Florence Travel Guide

Palazzo Vecchio

Built in 1294 it is characterized by the powerful thrust of the Tower of 1310 which rises from the Gallery.

It is the main architectural monument of Florence and one of the most significant mediaeval public palaces in Italy. It rises up, majestic and severe in its power, with its 94m high tower which is thrown straight up from the facade giving a particular character of elegance to the whole building.

According to the tradition it was built by the great Arnolfo di Cambio between 1298 and 1314, using the castle of the Counrs Guidi di Poppi as a model, but this attribution has not been confirmed yet by any written document. The original construction, as a great parallelepiped in rough rustic work with very beautiful Gothic two lighted windows on two floors and crowned by a great parapet walk with esparto battlement. In the front, the tower that goes by the name of Arnolfo rises up on a rectangular design.

Palazzo Vecchio: Interior

The courtyard of the Palazzo Vecchio was designed by Michelozzo between 1439 and 1454. When Francesco de' Medici married Joan of Austria in 1565, Vasari decorated the courtyard with frescoes depicting scenes of Austrian cities in honour of the bride. At the same time the columns were adorned with gilt stuccoes. The porphyry basin in the centre of the courtyard is by Battista del Tadda. In 1476 Verrocchio's «Boy with a Fish » was placed above the basin: now substituted by a copy, the original is in another part of the building.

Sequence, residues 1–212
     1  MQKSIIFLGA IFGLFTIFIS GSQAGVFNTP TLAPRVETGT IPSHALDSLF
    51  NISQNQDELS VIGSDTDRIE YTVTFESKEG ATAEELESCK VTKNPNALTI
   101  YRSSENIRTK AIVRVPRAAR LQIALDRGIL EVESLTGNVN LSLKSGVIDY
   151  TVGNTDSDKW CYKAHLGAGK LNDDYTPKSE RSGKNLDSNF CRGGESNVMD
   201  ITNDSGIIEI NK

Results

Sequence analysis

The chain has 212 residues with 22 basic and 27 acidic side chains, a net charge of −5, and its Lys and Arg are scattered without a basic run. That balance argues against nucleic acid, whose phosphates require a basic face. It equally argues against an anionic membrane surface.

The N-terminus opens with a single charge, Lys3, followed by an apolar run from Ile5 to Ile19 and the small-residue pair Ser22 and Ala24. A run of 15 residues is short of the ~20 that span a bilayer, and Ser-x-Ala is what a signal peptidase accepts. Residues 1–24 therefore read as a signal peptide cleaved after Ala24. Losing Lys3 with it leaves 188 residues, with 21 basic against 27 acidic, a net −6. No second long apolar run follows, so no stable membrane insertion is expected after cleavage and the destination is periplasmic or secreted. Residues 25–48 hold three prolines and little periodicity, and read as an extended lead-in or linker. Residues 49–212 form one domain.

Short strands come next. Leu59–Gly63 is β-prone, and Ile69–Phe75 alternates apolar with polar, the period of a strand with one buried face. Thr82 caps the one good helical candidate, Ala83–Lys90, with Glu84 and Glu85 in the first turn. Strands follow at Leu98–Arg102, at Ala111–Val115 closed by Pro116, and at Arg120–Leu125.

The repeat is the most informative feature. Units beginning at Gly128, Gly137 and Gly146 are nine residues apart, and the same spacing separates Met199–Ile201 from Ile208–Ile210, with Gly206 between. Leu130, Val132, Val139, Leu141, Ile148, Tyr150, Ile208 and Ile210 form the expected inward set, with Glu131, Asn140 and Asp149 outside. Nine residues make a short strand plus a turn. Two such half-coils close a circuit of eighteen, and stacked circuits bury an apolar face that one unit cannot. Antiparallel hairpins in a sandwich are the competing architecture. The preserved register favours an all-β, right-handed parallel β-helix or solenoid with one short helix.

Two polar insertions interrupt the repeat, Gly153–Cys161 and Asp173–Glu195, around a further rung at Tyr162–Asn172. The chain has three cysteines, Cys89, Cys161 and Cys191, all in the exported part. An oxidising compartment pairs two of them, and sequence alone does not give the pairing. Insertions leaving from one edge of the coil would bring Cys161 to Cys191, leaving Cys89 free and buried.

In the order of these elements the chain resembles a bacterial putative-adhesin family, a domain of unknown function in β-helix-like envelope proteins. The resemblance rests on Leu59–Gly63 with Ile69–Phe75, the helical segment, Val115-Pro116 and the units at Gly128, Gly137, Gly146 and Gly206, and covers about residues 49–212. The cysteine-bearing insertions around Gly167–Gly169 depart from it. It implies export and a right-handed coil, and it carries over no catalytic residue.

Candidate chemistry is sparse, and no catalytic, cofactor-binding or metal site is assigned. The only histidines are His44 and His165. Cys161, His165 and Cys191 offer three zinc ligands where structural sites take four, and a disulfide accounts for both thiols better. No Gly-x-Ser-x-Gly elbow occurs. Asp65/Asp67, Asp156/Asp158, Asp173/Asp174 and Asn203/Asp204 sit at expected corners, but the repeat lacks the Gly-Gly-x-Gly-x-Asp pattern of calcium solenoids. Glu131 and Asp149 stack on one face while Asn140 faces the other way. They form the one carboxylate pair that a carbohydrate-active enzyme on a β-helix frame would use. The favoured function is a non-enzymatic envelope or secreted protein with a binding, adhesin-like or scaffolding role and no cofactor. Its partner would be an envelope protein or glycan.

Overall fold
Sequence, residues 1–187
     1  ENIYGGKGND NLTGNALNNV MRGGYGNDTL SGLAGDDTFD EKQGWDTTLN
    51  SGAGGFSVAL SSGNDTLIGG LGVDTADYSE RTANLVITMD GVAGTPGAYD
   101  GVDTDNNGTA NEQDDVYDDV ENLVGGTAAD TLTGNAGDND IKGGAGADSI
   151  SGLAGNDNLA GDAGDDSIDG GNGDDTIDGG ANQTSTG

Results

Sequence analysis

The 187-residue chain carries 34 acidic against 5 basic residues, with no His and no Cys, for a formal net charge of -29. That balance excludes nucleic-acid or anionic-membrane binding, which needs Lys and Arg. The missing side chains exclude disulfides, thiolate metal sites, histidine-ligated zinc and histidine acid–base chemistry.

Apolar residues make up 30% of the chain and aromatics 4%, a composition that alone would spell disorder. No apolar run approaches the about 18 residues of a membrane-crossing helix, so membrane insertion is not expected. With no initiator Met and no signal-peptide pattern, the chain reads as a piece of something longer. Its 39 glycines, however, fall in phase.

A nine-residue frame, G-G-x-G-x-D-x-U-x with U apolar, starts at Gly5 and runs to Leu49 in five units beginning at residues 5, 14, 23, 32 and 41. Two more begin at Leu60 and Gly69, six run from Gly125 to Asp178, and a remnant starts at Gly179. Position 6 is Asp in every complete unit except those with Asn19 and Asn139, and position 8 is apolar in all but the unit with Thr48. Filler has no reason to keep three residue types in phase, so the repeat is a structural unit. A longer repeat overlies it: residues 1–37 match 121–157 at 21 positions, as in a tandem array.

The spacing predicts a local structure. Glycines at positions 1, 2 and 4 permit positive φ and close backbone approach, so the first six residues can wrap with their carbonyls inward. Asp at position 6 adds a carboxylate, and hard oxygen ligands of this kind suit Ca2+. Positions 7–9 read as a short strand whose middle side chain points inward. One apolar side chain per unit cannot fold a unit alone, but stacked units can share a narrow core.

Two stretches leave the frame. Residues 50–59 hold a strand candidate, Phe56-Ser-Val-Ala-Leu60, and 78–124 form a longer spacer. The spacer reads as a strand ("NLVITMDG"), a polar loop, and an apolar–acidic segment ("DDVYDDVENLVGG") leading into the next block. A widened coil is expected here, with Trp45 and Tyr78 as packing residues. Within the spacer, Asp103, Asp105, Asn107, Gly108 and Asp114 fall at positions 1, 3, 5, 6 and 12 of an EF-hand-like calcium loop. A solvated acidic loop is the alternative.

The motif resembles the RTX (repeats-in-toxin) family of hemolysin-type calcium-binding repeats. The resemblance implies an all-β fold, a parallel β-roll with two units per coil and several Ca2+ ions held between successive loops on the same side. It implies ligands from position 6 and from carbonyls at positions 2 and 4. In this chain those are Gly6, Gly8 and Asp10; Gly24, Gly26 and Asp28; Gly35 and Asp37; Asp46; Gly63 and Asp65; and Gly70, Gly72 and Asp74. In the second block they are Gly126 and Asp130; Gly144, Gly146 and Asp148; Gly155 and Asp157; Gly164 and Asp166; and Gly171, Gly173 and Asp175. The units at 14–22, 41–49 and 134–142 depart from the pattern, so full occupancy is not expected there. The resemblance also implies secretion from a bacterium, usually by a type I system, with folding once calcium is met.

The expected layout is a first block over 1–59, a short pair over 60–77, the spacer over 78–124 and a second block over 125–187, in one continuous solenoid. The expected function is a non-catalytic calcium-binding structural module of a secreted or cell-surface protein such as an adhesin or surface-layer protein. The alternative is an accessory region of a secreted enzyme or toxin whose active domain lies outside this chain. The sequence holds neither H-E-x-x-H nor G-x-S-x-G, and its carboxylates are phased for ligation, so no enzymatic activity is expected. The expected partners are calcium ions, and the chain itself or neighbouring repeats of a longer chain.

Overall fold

Salone dei Cinquecento

Designed by Simone del Pollaiolo, called Il Cronaca, as the seat of the Consiglio Maggiore, Florence's governing body which was set up in 1494 on the Venetian model. Vasari painted the hall's frescoes between 1555 and 1572 while remodelling the building to make it the residence of the Medici family, who had become Grand Dukes of Florence with the accession of Cosimo I. The ceiling is divided into 39 panels. The central panel depicts the triumph of Cosimo I, others show the quarters of the city, the city itself, the various offices of the Medici, and scenes of battles for the conquest of Pisa and Siena. The long walls were to have been painted with frescoes by Michelangelo and Leonardo, though the latter did not more than the preliminary sketches.

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